# C++ Xor contents of an object with virtual function

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struct Base
{
virtual void func() = 0;
};
struct A : Base
{
void func()
{
std::cout << "a: " << a << "\n";
}
int a;
};

int main()
{
A a;
a.a = 1;
A a2 = a;

A a3;
char * ap = reinterpret_cast<char*>(&a);
char * ap2 = reinterpret_cast<char*>(&a2);
char * ap3 = reinterpret_cast<char*>(&a3);

for (int i = 0; i < sizeof(A); ++i)
*(ap3 + i) = *(ap + i) ^ *(ap2 + i);

Base * b = &a3;
b->func();

}

I want to bitwise xor the contents of an object with virtual functions like above.

But I think i get a crash in above scenario because I xor'd the vptr too.

Is there a way to achieve what I want?

Edited by lride

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What are you trying to accomplish with this?

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I want to be able to call a virtual function on the xor'd object.

The reason is I'm trying to implement delta compression for compressing snapshots for a multiplayer game.

I need to xor the contents of two objects and then call a virtual function to pack the bits.

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I think you need to answer for us and for yourself; what does an XOR of the bits implementing an object in memory have to do with delta-compressing the concepts and values which the object contains?

You don't measure the difference between two 2D vectors implemented by struct Vector{double x,y;} by taking the XOR of the bits which implement the two IEEE 754 Double-Precision floating-point values... you calculate a new vector which's components are the difference between the components of the two vectors.

Edited by Wyrframe
typo

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This is the way how I do delta compression:

All objects' information is represented in integers.

I xor the two objects and I get lots of 0s. Then I do run length encoding.

I think I can solve this problem by adding virtual void * data(), and virtual int size() methods.

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C++ objects are not just a pile of bits - you can't just cast them to another type and do bitwise operations of them. This is undefined behaviour. You may be able to get it to work by accounting for all the details such as vtables, but, it will still be undefined behaviour and your compiler will still be allowed to fuck you over.

Either use plain old data structures that can safety be bitwise modified, or, implement a "delta compare" virtual function.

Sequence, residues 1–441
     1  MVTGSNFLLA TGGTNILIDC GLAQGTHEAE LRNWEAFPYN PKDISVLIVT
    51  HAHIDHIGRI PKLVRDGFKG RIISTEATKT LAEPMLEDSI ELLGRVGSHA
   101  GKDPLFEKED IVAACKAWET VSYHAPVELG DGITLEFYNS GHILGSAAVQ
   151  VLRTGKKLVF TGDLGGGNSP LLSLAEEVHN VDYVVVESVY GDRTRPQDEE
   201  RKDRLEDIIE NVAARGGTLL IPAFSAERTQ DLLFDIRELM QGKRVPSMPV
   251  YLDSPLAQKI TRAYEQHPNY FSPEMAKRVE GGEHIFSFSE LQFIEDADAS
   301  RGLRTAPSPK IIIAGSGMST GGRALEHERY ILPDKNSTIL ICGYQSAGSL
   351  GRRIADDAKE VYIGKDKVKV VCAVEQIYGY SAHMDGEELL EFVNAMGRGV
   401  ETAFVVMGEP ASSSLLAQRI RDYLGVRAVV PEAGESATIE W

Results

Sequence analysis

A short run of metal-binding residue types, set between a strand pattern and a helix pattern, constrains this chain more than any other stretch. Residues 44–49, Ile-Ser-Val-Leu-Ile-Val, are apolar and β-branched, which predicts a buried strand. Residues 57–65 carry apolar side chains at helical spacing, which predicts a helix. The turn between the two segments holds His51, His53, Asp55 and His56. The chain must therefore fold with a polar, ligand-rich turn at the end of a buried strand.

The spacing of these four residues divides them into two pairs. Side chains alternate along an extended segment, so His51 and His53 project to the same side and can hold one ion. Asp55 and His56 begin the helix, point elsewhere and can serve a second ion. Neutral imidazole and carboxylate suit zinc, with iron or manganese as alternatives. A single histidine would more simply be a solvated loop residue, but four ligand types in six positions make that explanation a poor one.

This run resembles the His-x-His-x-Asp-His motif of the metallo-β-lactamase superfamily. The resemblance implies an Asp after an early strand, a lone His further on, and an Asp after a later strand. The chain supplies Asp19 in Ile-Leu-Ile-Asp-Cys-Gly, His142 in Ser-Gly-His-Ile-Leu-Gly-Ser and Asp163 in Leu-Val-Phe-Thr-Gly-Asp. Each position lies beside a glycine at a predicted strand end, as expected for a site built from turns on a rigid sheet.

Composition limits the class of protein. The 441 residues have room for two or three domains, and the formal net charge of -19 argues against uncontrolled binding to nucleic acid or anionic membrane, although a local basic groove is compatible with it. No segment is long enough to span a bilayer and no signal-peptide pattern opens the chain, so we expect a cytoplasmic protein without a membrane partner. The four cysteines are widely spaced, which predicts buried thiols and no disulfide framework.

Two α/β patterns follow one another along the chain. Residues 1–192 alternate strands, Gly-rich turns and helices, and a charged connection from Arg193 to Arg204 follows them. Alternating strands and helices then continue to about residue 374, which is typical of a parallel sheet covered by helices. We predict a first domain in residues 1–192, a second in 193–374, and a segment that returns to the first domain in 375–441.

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struct BaseNetObj
{
std::vector<char> data;
std::function<void()> func;
};

struct NetPerson
{
void say()
{
std::cout << a << b << c << "\n";
}
int a;
int b;
int c;
};

template <typename T>
BaseNetObj makeBase()
{
BaseNetObj obj;
obj.data.resize(sizeof(T));
obj.func = std::bind(&T::say, (T*)obj.data.data());
return obj;
}

int main()
{
BaseNetObj obj0 = makeBase<NetPerson>();
BaseNetObj obj1 = makeBase<NetPerson>();
BaseNetObj obj2 = makeBase<NetPerson>();

NetPerson * p0 = (NetPerson*)obj0.data.data();
p0->a = p0->b = p0->c = 1;

NetPerson * p1 = (NetPerson*)obj1.data.data();
p1->a = p1->b = p1->c = 1;

obj0.func(); //111
obj1.func(); //111

for (int i = 0; i < obj0.data.size(); ++i)
{
obj2.data[i] = obj0.data[i] ^ obj1.data[i];
}
obj2.func(); //000
}

I think the above should do it. No inheritance, virtual functions. The base class holds the raw data in a vector. I can still do emulate polymorphism with std::function.

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Again: what are you trying to accomplish? Sure, that code probably compiles, but what problem is it solving?

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The claim above was that it was an attempt to improve compression of delta encoding.

The only thing I can come up with, based on the talk of xor'ing for delta-encoded snapshots, that makes me suspect that he's trying to use a frame-of-reference encoding used in some video and audio files, where you've got a small set of integer values with only slight variation and with a limited number of available bits. You can isolate the number of actual bits used, use some zig-zag encoding to combine the bits, and xor in the zig-zag to avoid subtractions with negative numbers, adding in the xor'ed value instead.

The other reason I suspect that's the purpose is that Google's "protocol buffers" uses that as a tiny piece of their encoding. Since their protocol buffer encoding is rapidly becoming more popular, people read about it and then attempt to implement it without fully understanding the details.

Or it could be some other reason that he's trying to do it, something else about delta-encoded snapshots that doesn't immediately come to mind.

Anyway, for a situation like the one described, the best approach is probably for the objects themselves to implement a delta system, and to use a good bit-packer library to encode the values.  Thus a system could say there are zero bits different, or store a 2-bit pattern if it is different within 4, or store a 3-bit pattern if it is different within 8, etc., so small changes require even fewer bytes in the stream.  That stream can then be compressed with any of the major general-purpose stream-based compression libraries like gzip or zlib or similar.

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